Is it correct to say that it is unlikely to find a single atoms not bonded with any other atom within the earth's crust?
The atomic structure of atoms is a nucleus made of neutrons and protons around which electrons orbit. Electrons occupy different energy levels and when an atom has an electronic configuration such that the energy levels are full the atom does not need to bond with other atoms and can exist as independent atoms. Only a few elements have these electronic configurations and fall in the periodic table under the category noble gases. Atoms of these elements exist as independent bodies and as the inter-atomic forces are very small are found as gases. Noble gases in the Earth's crust are present as pockets of gases that have been trapped in igneous rocks as they formed. Some are produced during radioactive disintegration of elements. The occurrence of these gases is primarily in the atmosphere from where they are extracted.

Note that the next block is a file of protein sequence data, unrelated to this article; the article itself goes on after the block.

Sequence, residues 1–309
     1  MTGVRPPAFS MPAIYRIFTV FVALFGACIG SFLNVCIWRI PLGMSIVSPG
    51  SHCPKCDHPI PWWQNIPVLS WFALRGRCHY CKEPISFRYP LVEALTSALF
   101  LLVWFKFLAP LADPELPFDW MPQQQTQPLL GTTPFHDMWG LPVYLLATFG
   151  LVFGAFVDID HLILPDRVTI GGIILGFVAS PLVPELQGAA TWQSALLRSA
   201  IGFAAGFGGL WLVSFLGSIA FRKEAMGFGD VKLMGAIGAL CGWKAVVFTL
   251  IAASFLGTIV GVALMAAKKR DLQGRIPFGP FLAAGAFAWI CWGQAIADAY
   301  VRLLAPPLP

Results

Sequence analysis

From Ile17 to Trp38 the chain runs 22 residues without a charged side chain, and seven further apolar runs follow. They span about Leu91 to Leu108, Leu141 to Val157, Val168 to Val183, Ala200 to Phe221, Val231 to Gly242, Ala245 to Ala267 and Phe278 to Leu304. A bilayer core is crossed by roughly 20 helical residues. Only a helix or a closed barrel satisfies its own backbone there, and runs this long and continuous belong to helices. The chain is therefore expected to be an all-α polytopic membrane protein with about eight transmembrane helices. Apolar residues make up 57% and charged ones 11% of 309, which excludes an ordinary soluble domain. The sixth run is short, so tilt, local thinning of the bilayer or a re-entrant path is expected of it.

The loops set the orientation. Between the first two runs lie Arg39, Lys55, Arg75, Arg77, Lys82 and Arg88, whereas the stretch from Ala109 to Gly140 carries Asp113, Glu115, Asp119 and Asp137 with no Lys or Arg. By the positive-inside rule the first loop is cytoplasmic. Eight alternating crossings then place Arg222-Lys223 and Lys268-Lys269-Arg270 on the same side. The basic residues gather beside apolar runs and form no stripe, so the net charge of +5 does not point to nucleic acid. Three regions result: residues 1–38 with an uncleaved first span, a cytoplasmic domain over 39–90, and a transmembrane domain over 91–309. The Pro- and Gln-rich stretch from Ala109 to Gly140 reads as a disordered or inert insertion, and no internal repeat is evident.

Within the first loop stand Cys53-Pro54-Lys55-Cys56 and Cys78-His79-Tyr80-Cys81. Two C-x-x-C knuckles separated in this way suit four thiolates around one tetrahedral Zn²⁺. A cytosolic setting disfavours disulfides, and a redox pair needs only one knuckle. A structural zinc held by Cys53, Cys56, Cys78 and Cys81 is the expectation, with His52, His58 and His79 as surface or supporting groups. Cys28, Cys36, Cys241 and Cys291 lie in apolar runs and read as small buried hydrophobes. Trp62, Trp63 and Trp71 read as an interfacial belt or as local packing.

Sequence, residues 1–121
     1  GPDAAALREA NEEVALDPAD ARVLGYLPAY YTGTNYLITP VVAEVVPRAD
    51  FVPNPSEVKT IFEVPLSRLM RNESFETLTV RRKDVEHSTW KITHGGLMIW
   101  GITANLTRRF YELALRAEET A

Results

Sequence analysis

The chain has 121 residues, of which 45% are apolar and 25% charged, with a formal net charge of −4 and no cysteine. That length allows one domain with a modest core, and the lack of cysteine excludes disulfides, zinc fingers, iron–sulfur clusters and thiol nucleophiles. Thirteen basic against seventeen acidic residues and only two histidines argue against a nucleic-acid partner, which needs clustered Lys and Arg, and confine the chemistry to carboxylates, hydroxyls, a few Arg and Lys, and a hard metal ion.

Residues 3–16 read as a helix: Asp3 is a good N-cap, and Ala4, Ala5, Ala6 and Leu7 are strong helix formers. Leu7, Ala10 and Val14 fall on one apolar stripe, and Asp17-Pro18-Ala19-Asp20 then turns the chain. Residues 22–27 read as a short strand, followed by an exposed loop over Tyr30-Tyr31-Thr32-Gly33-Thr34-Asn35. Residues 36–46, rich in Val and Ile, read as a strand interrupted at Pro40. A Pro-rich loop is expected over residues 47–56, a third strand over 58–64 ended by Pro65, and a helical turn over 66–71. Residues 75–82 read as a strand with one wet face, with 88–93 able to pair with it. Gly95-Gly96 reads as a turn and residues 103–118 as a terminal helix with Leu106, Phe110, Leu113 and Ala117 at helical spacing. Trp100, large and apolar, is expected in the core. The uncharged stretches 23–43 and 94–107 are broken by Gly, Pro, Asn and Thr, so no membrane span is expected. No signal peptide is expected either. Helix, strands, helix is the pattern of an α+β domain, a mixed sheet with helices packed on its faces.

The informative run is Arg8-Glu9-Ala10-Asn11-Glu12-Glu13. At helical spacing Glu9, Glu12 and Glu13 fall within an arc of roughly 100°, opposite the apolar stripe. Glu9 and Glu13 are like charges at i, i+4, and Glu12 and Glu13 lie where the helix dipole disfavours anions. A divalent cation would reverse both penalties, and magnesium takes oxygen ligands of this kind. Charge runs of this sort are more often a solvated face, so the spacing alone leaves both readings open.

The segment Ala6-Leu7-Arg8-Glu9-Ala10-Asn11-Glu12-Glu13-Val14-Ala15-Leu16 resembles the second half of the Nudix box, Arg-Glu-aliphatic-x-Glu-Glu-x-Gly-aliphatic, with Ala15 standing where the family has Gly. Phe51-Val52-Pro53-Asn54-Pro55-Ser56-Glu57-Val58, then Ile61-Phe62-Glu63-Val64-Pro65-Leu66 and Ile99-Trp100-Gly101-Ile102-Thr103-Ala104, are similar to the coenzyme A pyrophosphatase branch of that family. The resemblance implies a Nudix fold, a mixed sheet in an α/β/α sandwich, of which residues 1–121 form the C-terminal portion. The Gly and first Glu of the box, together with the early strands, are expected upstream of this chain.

In light of this, it is correct to say that it is unlikely to find single atoms not bonded with others in the Earth's crust.
Alkali metals are highly reactive and exist in compounds. The reactivity increases as you move down the period (Fr being the most reactive).
Also, there are some nonmetals that do not exist as single elements in nature. A useful mnemonic depicts several elements that are diatomic or polyatomic.
HONCl BrIF P4S8
Hydrogen, oxygen, nitrogen, chlorine, bromine, iodine, and fluorine all exist as diatomic elements. (ex. `"H"_2` ).
Phosphorus exists with the subscript 4.
Sulfur exists with the subscript 8.